Angelo’s Restaurant has come a long way from its humble beginnings in 1956. Started by a Greek immigrant and his wife, the eatery has been serving up some of the best French toast, eggs and bacon in Ann Arbor for more than 50 years, earning its cachet among local breakfast- and lunch-goers.

Nathan Wood

Situated on the corner of Catherine Street and Glen Avenue, Angelo’s is a short walk from Central Campus and just a block away from the Biomedical Science Research Building and Medical Campus. On the outside, its architecture is unassuming — a simple brick building with a flat roof — but inside, the place bursts with character. The walls are covered in earth-tone paints, save for an accented wall of patterned black-and-white tile that matches the floor. Victorian crown molding skirts the ornamented ceiling, providing a stark contrast to the 1950s-diner-style vinyl booths and barstools. An eclectic mélange of original artwork hangs between the windows, and a shelf of nondescript baseball trophies leers from above.

This eccentric backdrop sets the scene for the hustle and bustle of the Angelo’s experience. The waitstaff is perpetually in a hurried shuffle from one end of the room to the other. Bowls and glasses clang together in busboys’ buckets, silverware is heard striking customers’ ceramic dinner plates, and customers’ orders successively collide with the stainless-steel counter connecting the kitchen and dining room. Voices compete with one another, rising in intensity as families, college students, locals and hospital employees discuss the day to come. There’s certainly never a dull moment in this packed-full, chaotic brunch rush.

I sit down and, like any good college student unfortunate enough to not be in bed at 10 a.m., the first words out of my mouth are, “Coffee, please.” I strongly advise ordering something to sip as you wait for your food, because here you will certainly wait: My friends and I chat for upwards of 45 minutes before breakfast arrives. The coffee is a standard Paramount brew, but their freshly squeezed orange juice is spectacular. An attractively vibrant yellow-orange, the juice is stingingly acidic yet perfectly sweet, not overly so as store-bought juices often are. It does have a healthy amount of pulp though, so beware if you, like me, prefer for the pulp to stay with the orange.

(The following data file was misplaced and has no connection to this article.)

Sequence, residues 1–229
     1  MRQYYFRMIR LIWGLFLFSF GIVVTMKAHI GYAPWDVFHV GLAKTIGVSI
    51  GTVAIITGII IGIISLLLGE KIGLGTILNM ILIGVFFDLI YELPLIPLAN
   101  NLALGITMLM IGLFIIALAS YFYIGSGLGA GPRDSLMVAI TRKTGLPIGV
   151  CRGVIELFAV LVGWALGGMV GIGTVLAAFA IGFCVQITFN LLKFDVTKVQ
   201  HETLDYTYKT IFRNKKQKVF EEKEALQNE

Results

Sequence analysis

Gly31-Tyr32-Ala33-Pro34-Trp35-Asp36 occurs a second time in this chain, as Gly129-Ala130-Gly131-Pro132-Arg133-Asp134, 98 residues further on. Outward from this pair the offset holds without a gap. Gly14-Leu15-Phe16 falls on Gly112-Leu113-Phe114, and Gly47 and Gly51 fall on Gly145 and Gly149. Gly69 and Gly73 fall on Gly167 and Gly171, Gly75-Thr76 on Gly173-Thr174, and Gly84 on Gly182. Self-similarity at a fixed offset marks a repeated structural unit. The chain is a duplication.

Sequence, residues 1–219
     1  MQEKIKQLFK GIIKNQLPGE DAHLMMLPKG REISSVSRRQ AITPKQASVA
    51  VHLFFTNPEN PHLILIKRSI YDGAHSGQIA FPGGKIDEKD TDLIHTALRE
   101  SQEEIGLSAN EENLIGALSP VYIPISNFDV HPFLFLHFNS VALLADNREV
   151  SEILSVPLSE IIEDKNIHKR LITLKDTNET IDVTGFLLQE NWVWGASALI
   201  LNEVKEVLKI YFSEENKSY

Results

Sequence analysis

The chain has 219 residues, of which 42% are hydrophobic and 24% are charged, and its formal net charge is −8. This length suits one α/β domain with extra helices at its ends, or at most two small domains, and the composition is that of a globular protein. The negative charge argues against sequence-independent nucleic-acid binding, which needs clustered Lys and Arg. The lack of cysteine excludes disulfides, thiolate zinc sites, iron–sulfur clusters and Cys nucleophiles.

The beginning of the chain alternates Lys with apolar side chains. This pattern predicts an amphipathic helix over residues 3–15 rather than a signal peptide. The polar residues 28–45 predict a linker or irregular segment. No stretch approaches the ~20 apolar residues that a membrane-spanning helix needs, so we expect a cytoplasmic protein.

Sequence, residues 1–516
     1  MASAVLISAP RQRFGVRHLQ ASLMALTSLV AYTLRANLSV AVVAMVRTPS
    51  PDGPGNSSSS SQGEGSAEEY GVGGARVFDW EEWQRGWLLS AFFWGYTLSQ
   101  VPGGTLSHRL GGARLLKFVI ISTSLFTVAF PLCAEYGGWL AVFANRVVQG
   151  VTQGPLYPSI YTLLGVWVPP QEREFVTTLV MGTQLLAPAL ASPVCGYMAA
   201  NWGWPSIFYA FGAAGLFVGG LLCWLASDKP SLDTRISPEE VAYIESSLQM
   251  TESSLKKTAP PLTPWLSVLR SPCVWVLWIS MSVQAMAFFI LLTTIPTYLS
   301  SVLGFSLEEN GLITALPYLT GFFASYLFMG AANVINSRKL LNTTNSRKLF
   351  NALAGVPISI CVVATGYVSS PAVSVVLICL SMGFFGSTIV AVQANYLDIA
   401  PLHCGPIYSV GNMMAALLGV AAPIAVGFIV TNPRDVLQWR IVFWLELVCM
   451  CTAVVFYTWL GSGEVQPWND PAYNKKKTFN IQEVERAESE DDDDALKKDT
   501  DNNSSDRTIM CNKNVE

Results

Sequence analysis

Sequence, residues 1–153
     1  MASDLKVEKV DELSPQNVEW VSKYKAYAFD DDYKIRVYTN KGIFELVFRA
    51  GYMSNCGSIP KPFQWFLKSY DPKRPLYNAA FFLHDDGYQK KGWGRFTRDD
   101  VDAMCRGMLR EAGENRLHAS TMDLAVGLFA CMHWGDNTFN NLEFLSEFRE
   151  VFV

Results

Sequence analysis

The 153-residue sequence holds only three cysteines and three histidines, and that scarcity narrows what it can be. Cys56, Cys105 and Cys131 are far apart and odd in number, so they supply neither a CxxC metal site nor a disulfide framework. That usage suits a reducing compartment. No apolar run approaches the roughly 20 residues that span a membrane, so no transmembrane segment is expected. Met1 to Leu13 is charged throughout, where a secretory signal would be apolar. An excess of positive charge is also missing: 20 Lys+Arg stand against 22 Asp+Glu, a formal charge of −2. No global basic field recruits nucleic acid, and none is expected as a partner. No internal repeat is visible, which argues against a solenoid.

As far as food goes, almost any dish here is a safe bet, but let me highlight some of my favorites.

If you’re a vegetarian or just in the mood for some rather inventive breakfast food, go for the spinach and feta omelette — it’s far and away my favorite offering. To achieve the savory splendor of this breakfast bite, three eggs are combined with loads of fresh feta and dark green spinach and then cooked until it just begins to crisp. When it hits the table soon after, the feta has melted only partially, yielding textured, tangy, briny cheese that oozes in every bite. Lastly, as an added bonus for flavor and presentation, the omelette is lightly brushed with salted butter that gives it a sheen in the warm sunlight pouring through the windows.

The most famous dish here, the stuff of freshman-orientation factoids, is Angelo’s deep-fried French toast. Crunchy on the outside, soft and chewy on the inside, these three thick slices of battered bread are late-breakfast heaven. I always opt for raisin bread, but the traditional, homemade white bread — which I find to be satisfyingly dense and yeasty in flavor — is also a good choice. Deliciously rich whipped cream tops the bread, as do a decent number of whole strawberries and blueberries. Add some maple syrup (the real stuff is available upon request) and cinnamon sugar to round out this splurge of a meal. And if you need something savory to balance the incredible sweetness, or even if you don’t, order a side of sausage patties. They’re made of the most perfectly flavored, juicy and tender breakfast meat I’ve ever had, putting even Bob Evans’ original recipe to shame.

If you’re feeling more like lunch, though, anything with bacon is the right decision. The cured meat shatters in your mouth like a perfectly fried potato chip, never tough, chewy, dry or burnt. The kitchen staff piles it high on the sandwiches, so feel free to slip a piece out for a quick pregame before you dig in. The BLT is a great go-to, but the turkey club takes the sandwich to a whole new level. Be sure to specify that you want yours with smoked turkey, and toasted, for the ultimate meaty nosh. I like a little more mayonnaise than what’s generally slathered on, but I’m willing to accept that this is maybe just a personal preference.

Basically, whatever you’re in the mood for, Angelo’s has you covered. The restaurant has earned its title as an Ann Arbor classic, and the line of customers waiting outside leaves no doubt that it’s for good reason. The atmosphere is full of energy, the food full of flavor and the experience full of college memories waiting to be made.

Leave a comment

Your email address will not be published.